Phil Mickelson is the biggest name in sports this week after becoming the oldest player ever to win a major golf championship on Sunday. Hollis Cavner, who runs the 3M Open, is optimistic the 50-year-old Mickelson will be part of the field at TPC Twin Cities July 22-25.
What are the odds? “I’d say very good,” Cavner told Sports Headliners.
Cavner and his company run various golf tournaments in the United States. He and his team are on the road much of the year recruiting players including the now hottest golf name in the world. So far Mickelson is noncommittal about the 3M, a regular stop on the PGA Tour. “He’s pretty direct,” Cavner said.
Cavner and Mickelson have a long friendship. In 2010 the two played together in the AT&T Pebble Beach Pro-Am, with Cavner participating as an amateur. “He’s a helluva good guy,” Cavner said.
That relationship will be helpful in continuing to pitch Mickelson but winning the PGA Championship Sunday is a game changer for “Lefty’s” schedule. Cavner said Mickelson might receive an invitation to play for the U.S. in the Tokyo Olympics scheduled in late July and early August. Even if that doesn’t happen, the British Open is just a week before the 3M. He won the Open in 2013 and his appearance in Scotland would be important to his international fame and brand.
Mickelson’s life is a whirlwind now and over the next few weeks with various requests including TV and personal appearances. Cavner said Mickelson will be “inundated” with opportunities after shocking the golf world by winning the PGA. He entered the tournament ranked 115 in the world and Fox Bet had him at 400-to-1 odds to win in Kiawah, South Carolina at the Ocean Course.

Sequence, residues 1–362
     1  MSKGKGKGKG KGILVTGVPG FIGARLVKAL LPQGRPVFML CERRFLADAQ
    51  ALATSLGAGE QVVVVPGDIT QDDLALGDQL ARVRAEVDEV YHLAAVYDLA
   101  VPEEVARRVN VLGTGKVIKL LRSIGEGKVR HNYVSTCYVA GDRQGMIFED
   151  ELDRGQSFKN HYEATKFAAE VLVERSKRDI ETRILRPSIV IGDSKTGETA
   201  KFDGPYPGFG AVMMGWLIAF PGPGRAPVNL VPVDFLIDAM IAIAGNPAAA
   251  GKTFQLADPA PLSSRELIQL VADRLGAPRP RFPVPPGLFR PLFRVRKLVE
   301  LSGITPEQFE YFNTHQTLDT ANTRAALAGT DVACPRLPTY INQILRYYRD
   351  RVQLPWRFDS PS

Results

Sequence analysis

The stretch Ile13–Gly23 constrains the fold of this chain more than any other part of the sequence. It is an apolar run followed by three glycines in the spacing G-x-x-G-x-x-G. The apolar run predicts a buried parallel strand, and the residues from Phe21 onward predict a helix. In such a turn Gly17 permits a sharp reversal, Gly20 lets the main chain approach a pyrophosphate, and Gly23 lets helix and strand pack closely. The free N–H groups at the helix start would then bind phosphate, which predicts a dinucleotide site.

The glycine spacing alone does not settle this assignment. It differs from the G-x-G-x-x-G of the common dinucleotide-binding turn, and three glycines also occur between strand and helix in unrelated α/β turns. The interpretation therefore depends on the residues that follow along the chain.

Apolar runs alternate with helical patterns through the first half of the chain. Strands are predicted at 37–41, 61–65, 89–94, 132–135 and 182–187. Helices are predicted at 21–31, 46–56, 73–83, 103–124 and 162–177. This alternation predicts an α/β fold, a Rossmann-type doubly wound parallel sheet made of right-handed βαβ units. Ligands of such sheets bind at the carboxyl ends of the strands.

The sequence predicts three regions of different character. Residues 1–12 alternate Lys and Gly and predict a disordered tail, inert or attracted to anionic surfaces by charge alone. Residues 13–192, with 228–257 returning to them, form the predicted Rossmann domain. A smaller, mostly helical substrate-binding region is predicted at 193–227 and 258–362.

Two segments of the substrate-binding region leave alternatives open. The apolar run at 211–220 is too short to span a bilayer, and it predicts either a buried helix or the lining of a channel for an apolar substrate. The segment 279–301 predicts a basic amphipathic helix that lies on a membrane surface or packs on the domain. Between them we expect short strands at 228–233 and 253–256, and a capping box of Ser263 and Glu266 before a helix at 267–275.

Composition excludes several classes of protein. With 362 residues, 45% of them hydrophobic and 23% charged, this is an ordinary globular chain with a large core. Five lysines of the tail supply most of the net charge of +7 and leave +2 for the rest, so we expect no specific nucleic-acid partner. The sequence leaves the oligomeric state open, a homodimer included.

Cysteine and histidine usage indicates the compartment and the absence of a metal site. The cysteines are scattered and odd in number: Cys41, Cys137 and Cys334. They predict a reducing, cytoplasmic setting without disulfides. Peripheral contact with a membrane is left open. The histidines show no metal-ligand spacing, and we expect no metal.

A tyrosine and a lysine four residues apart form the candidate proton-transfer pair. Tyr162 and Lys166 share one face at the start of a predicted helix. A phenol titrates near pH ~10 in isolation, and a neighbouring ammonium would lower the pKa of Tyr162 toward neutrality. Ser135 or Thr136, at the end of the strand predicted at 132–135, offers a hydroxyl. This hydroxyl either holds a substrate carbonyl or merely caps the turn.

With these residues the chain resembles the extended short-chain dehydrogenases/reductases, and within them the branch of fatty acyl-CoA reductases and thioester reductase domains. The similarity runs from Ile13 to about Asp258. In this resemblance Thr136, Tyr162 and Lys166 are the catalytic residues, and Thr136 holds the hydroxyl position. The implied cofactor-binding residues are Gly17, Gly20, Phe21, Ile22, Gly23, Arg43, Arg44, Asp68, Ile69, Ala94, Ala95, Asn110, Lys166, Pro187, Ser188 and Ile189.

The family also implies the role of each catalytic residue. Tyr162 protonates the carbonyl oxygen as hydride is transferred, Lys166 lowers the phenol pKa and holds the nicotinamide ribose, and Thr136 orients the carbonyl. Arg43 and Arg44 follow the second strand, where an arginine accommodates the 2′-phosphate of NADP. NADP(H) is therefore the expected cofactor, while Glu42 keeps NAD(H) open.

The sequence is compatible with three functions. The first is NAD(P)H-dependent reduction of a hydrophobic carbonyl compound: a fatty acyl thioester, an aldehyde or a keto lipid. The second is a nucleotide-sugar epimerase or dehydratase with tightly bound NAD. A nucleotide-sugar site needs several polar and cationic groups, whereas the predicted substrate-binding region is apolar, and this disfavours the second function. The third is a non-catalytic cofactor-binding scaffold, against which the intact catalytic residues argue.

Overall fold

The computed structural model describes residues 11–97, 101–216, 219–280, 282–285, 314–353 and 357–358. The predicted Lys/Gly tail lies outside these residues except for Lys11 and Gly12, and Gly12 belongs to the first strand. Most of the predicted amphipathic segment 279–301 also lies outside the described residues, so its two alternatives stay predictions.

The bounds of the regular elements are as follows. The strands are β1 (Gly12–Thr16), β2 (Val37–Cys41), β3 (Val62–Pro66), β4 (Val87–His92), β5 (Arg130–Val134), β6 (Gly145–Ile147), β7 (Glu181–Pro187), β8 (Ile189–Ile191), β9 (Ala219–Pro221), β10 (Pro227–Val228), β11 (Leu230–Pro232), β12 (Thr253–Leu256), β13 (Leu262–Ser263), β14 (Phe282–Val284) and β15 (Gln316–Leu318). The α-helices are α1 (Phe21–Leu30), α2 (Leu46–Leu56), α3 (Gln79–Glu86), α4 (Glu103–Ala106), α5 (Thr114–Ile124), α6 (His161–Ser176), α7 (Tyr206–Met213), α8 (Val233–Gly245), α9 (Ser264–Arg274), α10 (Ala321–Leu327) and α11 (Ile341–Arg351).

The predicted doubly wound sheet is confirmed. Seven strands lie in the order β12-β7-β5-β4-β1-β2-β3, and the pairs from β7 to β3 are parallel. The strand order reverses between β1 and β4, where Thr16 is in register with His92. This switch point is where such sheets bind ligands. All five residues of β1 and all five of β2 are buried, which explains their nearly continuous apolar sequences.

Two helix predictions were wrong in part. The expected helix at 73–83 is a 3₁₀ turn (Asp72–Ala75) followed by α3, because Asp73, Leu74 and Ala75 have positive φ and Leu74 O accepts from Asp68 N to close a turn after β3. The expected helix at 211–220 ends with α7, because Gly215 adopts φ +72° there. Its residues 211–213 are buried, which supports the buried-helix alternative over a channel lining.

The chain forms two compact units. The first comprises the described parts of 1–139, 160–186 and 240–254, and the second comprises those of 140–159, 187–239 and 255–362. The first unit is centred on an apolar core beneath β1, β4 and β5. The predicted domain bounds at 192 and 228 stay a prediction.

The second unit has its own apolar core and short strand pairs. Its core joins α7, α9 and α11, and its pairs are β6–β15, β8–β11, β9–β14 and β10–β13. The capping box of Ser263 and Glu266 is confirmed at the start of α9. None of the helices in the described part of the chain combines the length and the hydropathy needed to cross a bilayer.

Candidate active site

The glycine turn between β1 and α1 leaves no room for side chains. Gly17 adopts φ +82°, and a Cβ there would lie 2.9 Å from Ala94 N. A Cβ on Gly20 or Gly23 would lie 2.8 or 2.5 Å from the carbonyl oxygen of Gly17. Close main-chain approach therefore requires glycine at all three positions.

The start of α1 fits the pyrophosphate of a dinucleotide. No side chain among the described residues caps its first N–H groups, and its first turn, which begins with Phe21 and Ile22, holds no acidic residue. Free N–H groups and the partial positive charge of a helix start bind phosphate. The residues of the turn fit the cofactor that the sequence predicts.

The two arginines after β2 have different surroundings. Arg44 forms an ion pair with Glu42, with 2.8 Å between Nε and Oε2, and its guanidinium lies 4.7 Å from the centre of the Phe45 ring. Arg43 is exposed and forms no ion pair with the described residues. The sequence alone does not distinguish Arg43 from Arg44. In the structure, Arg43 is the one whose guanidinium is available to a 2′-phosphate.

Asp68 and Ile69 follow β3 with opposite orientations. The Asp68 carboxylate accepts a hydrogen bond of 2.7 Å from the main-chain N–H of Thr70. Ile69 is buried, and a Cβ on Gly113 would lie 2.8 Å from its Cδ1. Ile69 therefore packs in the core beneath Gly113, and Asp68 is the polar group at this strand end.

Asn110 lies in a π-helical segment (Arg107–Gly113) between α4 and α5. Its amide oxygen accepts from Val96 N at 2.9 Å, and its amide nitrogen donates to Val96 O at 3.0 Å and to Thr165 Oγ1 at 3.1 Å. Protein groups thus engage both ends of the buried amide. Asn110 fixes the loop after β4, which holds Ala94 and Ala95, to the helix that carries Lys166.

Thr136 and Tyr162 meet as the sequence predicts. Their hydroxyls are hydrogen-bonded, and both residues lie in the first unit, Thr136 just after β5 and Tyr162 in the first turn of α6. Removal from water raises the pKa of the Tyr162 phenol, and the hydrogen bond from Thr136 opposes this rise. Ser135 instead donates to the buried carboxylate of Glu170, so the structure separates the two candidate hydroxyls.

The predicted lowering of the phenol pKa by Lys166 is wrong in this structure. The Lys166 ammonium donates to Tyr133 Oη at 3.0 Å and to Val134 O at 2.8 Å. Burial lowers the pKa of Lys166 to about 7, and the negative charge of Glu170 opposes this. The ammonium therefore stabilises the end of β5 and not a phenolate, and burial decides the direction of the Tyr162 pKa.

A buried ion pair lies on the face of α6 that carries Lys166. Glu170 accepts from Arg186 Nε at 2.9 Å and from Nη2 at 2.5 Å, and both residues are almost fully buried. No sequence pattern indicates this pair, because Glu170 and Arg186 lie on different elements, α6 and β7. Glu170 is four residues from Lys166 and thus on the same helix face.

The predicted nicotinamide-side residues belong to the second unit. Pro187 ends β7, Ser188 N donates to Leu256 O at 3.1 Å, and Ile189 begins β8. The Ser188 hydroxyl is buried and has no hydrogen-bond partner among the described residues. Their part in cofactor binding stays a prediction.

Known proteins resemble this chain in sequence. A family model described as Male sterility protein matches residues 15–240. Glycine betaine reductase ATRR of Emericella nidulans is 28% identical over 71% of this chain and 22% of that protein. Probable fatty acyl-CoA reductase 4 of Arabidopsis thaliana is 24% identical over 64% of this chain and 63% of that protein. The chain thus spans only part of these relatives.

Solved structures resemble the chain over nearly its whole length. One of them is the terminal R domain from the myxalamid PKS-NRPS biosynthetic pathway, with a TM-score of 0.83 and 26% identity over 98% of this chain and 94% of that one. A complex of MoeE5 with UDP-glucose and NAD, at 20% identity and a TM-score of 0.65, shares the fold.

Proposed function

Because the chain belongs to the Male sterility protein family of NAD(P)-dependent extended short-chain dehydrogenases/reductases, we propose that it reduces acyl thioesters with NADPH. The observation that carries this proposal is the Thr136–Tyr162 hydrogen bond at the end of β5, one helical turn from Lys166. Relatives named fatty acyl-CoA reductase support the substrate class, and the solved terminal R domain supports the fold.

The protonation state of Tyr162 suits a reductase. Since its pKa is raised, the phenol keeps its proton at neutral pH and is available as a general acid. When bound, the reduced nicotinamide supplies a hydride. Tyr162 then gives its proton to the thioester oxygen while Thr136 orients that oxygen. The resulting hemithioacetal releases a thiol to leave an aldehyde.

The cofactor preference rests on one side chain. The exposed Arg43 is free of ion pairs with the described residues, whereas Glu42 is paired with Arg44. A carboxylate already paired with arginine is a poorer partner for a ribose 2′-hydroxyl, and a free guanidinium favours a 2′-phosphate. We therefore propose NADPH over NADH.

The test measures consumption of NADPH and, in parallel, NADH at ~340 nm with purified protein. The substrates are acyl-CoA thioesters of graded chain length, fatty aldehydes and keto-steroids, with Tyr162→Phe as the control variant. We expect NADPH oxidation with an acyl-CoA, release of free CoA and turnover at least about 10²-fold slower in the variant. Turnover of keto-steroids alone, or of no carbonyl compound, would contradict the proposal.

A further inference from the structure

Cavner runs the Wells Fargo Championship in Charlotte. He saw Mickelson in comeback mode at his tournament. With a slimmer and stronger body, more relaxed mental approach and willingness to play safer shots, Mickelson was re-engaged.
He was on a mission to improve his performance the week of the Wells Fargo, with Cavner observing Mickelson “working his butt off” in practice hitting buckets and buckets of balls at the range. “…He was really working on his game that week and I guarantee he beat more balls that week than anybody out there,” Cavner said.
Mickelson shot a round of 64 at the Wells Fargo and although he didn’t win the tournament, the resurgence in his game was evident to insiders. “He was gearing for this (excelling at the PGA),” Cavner said.
Sunday was remarkable, with Mickelson shocking the sports world at almost 51 years of age and winning his first golf major event since 2013. “He is so driven to be good,” Cavner said. “He doesn’t want to be second ever. He’s always been that way. When you’re that good, some people are going to love you, some people are not.”
Critics have said Mickelson is cocky but Cavner doesn’t see it that way and views his friend as a great athlete who believes in himself and has done a lot to help others including through charity. “It wasn’t cocky. He was good at what he did, and he knew it and he tried to prove it every week,” Cavner said.
Cavner can see Mickelson contending for more major titles this year and in 2022. “If he continues to play like he is, it wouldn’t surprise me at all,” Cavner said.